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Leakage from climate policies and border tax adjustment:lessons from a geographic model of the cement industry

Philippe Quirion and Damien Demailly
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Damien Demailly: CIRED - Centre international de recherche sur l'environnement et le développement - CNRS - Centre National de la Recherche Scientifique - ENPC - École des Ponts ParisTech - EHESS - École des hautes études en sciences sociales - Cirad - Centre de Coopération Internationale en Recherche Agronomique pour le Développement - ENGREF - Ecole Nationale du Génie Rural, des Eaux et des Forêts

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Abstract: We present a spatial international trade model, GEO, which computes transportation costs bynot treating markets as dimensionless points and explicitly represents capacity shortages andinvestment decisions in new production capacities. We link it to CEMSIM, a partialequilibrium model of the world cement industry developed by the IPTS. We assume that theKyoto Protocol Annex B countries (except the USA and Australia), create a CO2 tax at 15euros per tonne. This policy entails significant emissions reductions (around 20%) in thesecountries. A significant leakage occurs, with an emissions increase in the rest of the world ofaround 20% of the emissions reduction in Annex B-USA&Australia. We thus run twoscenarios combining a CO2 tax with border-tax adjustments (BTA). With the more ambitiousBTA tested, not only is there no leakage, but emissions in the rest of the world decreaseslightly. However, compared to business-as-usual, non-Annex B price-competitiveness andproduction decrease a little and these countries loose some market shares, so they couldattack this system as distorting competition in favour of Annex B countries. A less ambitiousBTA is thus tested, which cannot be criticised on this ground and prevents almost all leakage.The only drawback of both BTA policies is that the cement price in Annex BUSA&Australia increases a little more than without BTA, further impacting the cementconsumers in these countries.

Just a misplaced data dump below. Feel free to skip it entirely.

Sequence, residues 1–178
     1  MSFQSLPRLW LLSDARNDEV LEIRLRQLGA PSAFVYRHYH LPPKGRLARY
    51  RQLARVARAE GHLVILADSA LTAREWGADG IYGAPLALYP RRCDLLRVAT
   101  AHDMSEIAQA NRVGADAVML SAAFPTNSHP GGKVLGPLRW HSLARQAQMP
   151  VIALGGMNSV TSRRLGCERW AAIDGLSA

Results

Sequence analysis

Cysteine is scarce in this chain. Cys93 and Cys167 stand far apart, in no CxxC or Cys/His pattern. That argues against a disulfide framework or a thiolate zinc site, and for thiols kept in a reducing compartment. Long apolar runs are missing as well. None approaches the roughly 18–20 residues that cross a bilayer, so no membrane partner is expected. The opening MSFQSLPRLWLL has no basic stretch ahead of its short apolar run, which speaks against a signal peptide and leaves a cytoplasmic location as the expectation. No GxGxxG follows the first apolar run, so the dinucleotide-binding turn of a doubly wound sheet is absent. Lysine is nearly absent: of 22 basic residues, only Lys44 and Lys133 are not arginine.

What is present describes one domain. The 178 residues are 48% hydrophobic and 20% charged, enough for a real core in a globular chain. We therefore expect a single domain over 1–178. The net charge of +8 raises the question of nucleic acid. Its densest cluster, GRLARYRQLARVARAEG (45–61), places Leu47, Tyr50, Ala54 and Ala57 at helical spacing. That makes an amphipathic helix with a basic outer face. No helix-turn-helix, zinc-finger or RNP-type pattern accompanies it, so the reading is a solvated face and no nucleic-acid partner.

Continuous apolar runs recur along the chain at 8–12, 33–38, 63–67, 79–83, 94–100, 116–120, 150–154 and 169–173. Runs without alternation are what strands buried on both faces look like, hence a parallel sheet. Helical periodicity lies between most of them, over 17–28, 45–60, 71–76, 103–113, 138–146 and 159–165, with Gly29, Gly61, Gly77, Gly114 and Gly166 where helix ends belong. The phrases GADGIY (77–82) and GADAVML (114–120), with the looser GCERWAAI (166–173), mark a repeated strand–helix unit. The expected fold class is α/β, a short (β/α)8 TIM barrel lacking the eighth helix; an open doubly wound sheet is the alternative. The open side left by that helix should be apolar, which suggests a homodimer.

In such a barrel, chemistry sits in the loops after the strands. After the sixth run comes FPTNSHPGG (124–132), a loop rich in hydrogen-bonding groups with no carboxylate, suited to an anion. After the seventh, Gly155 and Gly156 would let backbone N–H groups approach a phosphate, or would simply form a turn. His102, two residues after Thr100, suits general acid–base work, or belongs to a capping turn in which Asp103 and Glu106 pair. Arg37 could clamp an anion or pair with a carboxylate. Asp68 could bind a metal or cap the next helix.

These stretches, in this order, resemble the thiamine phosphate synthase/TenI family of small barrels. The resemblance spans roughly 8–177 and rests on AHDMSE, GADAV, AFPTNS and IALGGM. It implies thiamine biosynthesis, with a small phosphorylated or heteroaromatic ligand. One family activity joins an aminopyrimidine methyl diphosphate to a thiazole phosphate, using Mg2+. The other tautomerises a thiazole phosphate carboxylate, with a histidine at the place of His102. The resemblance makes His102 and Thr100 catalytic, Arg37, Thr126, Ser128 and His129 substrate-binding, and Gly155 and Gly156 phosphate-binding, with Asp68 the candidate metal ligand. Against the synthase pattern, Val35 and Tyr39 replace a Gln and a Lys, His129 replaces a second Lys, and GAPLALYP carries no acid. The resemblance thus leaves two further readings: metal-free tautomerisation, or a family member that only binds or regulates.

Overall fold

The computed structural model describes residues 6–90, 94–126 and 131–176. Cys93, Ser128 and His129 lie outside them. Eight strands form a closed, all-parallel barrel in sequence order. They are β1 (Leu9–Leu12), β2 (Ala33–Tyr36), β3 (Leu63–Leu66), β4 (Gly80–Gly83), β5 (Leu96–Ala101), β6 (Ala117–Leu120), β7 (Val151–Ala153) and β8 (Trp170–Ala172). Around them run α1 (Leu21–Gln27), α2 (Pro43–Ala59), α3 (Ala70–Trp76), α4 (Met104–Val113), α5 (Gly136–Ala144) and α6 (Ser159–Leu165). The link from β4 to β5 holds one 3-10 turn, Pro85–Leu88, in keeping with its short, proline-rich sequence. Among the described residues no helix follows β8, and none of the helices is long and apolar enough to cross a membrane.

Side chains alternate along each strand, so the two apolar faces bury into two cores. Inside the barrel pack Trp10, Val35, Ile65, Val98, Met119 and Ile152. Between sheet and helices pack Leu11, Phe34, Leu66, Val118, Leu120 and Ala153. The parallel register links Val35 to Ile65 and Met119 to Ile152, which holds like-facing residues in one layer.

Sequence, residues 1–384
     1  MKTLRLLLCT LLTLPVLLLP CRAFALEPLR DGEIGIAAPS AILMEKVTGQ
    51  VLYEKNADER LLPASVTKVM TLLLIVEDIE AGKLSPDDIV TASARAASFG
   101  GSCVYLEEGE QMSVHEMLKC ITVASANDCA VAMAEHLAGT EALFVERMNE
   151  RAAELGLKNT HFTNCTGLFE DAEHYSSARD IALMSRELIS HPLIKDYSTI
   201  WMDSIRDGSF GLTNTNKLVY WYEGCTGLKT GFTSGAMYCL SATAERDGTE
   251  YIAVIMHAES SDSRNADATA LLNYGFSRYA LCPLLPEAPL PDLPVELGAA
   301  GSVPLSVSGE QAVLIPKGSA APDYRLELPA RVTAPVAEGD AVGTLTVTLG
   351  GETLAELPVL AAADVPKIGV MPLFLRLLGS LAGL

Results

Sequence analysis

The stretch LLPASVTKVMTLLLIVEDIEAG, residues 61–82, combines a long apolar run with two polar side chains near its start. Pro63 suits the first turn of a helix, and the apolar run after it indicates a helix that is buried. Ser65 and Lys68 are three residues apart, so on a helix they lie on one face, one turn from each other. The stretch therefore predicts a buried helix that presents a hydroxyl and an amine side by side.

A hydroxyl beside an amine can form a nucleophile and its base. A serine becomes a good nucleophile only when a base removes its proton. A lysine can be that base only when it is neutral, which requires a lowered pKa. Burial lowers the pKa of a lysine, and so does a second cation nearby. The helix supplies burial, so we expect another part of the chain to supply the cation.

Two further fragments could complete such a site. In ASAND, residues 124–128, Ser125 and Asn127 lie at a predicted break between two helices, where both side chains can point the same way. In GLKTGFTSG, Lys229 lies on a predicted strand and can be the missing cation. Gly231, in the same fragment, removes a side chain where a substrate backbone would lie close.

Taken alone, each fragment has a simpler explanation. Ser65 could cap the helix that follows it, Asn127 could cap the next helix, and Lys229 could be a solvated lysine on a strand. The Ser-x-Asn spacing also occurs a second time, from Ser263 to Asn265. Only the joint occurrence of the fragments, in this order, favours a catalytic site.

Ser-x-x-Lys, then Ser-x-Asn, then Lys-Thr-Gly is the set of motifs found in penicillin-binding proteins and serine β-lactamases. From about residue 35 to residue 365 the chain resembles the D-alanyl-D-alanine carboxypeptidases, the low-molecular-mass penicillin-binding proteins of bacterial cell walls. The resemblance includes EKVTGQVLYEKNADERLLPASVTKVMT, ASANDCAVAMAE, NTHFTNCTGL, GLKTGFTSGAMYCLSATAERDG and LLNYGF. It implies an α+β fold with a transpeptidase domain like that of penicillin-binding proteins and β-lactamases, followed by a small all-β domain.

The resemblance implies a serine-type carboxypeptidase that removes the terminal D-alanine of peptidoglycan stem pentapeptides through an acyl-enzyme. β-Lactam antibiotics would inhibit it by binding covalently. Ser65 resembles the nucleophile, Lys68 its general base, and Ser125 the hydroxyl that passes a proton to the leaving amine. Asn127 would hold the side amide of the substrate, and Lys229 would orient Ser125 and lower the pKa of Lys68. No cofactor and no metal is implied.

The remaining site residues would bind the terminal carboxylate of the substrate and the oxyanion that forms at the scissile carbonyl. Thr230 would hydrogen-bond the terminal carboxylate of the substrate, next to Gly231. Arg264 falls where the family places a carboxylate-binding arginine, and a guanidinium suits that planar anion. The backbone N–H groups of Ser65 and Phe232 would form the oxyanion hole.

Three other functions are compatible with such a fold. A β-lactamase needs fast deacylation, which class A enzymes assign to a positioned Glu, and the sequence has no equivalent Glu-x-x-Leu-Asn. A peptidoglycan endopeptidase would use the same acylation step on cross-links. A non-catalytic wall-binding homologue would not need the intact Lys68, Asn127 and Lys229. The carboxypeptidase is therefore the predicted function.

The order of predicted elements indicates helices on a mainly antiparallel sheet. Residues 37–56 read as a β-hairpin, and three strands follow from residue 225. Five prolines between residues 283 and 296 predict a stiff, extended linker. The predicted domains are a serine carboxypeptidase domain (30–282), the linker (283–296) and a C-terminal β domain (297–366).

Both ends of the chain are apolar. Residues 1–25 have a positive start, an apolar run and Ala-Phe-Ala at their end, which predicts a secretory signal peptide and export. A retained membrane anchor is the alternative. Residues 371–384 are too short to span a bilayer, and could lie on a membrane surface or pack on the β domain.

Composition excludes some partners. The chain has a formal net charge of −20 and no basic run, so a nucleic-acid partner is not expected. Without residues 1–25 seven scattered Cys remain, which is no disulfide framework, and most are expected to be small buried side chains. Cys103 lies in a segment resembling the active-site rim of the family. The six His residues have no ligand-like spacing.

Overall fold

Keywords: Cement; leakag; spillover; climate change mitigation; Kyoto Protocol; border-tax adjustment; international trade; transportation cost (search for similar items in EconPapers)
Date: 2006-02-28
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